How can one deliver spyware to a large number of unsuspecting users? The right answer to that question is – unfortunately – not a unique one, but among the methods is one tried by a company that attempted to convince the developers of a popular Android game to bundle it up with their offering.
According to the claim made by one of the game developers on reddit, they were approached by a company telling them that they would like be partners.
“They apparently ‘help mobile subscribers to gauge which mobile service provider is best for them’,” he says, and that they said their existing application “measures customer experience” by collecting data in the background.
The company in question wanted to embed their application into the Tank Hero game, so that it is automatically downloaded with the next update. This made the developer instantly suspicious, but he wanted to take a look at the application for himself.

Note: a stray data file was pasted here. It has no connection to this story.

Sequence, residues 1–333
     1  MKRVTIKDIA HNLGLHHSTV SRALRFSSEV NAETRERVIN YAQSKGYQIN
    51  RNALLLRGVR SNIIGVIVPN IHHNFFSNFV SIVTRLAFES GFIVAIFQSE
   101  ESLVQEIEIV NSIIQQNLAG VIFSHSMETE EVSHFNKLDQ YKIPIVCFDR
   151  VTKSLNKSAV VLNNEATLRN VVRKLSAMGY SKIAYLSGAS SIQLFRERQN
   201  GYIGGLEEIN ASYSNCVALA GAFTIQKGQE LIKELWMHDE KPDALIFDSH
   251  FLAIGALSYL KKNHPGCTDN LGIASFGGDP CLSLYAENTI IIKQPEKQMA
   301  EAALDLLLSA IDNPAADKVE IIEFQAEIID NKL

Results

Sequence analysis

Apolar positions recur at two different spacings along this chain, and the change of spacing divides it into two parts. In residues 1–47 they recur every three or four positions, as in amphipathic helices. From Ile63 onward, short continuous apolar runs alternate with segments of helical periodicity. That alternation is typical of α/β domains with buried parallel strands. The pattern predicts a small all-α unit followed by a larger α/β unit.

And he did. What he discovered was that the app requests a wide spectrum of permissions that can be misused to collect data. If permission is given, the application is able – among other things – to call or SMS phone numbers without the user knowing, detect the GPS coordinates of the device, read and edit SMS and MMS messages stored on the device or SIM card, read contact data and sensitive log data, intercept outgoing phone calls and make itself always run.
Of course, all these permissions would have been asked for when Tank Hero was next updated, but it is likely that many users would give their consent without even thinking about it twice.
The game’s developers say that they would both rather be unemployed than embed spyware in their application, so they refused the offer even though the company said they would receive money for each download.
The worrying thing is that it’s more than probable that there are developers out there who will not have such qualms.